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    Rights statement: This is the author’s version of a work that was accepted for publication in Journal of Hydrology. Changes resulting from the publishing process, such as peer review, editing, corrections, structural formatting, and other quality control mechanisms may not be reflected in this document. Changes may have been made to this work since it was submitted for publication. A definitive version was subsequently published in Journal of Hydrology, 598, 2021 DOI: 10.1016/j.jhydrol.2021.126442

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    Embargo ends: 8/05/22

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Elucidating the performance of hybrid models for predicting extreme water flow events through variography and wavelet analyses

Research output: Contribution to journalJournal articlepeer-review

Published
Article number126442
<mark>Journal publication date</mark>31/07/2021
<mark>Journal</mark>Journal of Hydrology
Volume598
Number of pages17
Publication StatusPublished
Early online date8/05/21
<mark>Original language</mark>English

Abstract

Accurate prediction of extreme flow events is important for mitigating natural disasters such as flooding. We explore and refine two modelling approaches (both separately and in combination) that have been demonstrated to improve the prediction of daily peak flow events. These two approaches are firstly, models that aggregate fine resolution (sub-daily) simulated flow from a process-based model (PBM) to daily, and secondly, hybrid models that combine PBMs with statistical and machine learning methods. We propose the use of variography and wavelet analyses to evaluate these models across temporal scales. These exploratory methods are applied to both measured and modelled data in order to assess the performance of the latter in capturing variation, at different scales, of the former. We compare change points detected by the wavelet analysis (measured and modelled) with the extreme flow events identified in the measured data. We found that combining the two modelling approaches improves prediction at finer scales, but at coarser scales advantages are less pronounced. Although aggregating fine-scale model outputs improved the partition of wavelet variation across scales, the autocorrelation in the signal is less well represented as demonstrated by variography. We demonstrate that exploratory time-series analyses, using variograms and wavelets, provides a useful assessment of existing and newly proposed models, with respect to how they capture changes in flow variance at different scales and also how this correlates with measured flow data – all in the context of extreme flow events. © 2021 Elsevier B.V.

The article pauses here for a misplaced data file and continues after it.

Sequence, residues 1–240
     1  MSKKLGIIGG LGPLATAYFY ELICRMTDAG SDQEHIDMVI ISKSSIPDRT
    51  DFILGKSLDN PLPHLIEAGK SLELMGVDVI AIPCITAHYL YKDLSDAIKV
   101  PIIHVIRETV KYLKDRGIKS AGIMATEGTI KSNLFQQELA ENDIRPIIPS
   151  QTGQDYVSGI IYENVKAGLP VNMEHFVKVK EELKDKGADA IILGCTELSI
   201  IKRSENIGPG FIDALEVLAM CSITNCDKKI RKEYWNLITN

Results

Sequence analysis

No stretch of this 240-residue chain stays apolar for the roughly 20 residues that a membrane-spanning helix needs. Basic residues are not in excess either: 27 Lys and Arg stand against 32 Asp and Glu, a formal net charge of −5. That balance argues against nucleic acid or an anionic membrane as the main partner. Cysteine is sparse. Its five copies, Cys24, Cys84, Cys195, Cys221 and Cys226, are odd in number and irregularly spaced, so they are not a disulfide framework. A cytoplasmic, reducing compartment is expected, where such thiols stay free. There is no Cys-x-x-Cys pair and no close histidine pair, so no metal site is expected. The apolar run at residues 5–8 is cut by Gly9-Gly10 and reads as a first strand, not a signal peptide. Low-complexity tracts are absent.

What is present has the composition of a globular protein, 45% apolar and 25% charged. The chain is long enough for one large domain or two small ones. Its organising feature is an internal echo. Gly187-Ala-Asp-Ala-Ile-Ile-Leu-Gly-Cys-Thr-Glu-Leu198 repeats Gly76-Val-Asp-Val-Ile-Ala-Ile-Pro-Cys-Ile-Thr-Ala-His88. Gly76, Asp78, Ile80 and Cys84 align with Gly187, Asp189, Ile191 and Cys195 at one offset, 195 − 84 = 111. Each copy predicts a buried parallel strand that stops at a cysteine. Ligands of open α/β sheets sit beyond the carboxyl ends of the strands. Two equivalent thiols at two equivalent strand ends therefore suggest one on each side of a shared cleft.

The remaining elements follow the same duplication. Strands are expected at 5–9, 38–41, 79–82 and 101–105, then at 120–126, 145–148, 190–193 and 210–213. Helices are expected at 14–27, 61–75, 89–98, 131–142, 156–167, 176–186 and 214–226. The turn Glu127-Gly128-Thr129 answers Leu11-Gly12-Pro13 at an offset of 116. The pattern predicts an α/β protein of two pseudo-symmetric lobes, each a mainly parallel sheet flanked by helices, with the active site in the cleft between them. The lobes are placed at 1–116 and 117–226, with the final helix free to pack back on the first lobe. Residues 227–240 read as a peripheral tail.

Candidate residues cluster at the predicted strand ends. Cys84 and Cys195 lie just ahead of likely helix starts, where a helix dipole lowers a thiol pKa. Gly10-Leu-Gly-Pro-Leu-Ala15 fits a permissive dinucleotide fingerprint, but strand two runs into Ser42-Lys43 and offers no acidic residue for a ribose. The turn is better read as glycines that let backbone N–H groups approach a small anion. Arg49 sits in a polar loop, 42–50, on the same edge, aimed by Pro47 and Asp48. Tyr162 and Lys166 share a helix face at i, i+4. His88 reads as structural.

Bibliographic note

This is the author’s version of a work that was accepted for publication in Journal of Hydrology. Changes resulting from the publishing process, such as peer review, editing, corrections, structural formatting, and other quality control mechanisms may not be reflected in this document. Changes may have been made to this work since it was submitted for publication. A definitive version was subsequently published in Journal of Hydrology, 598, 2021 DOI: 10.1016/j.jhydrol.2021.126442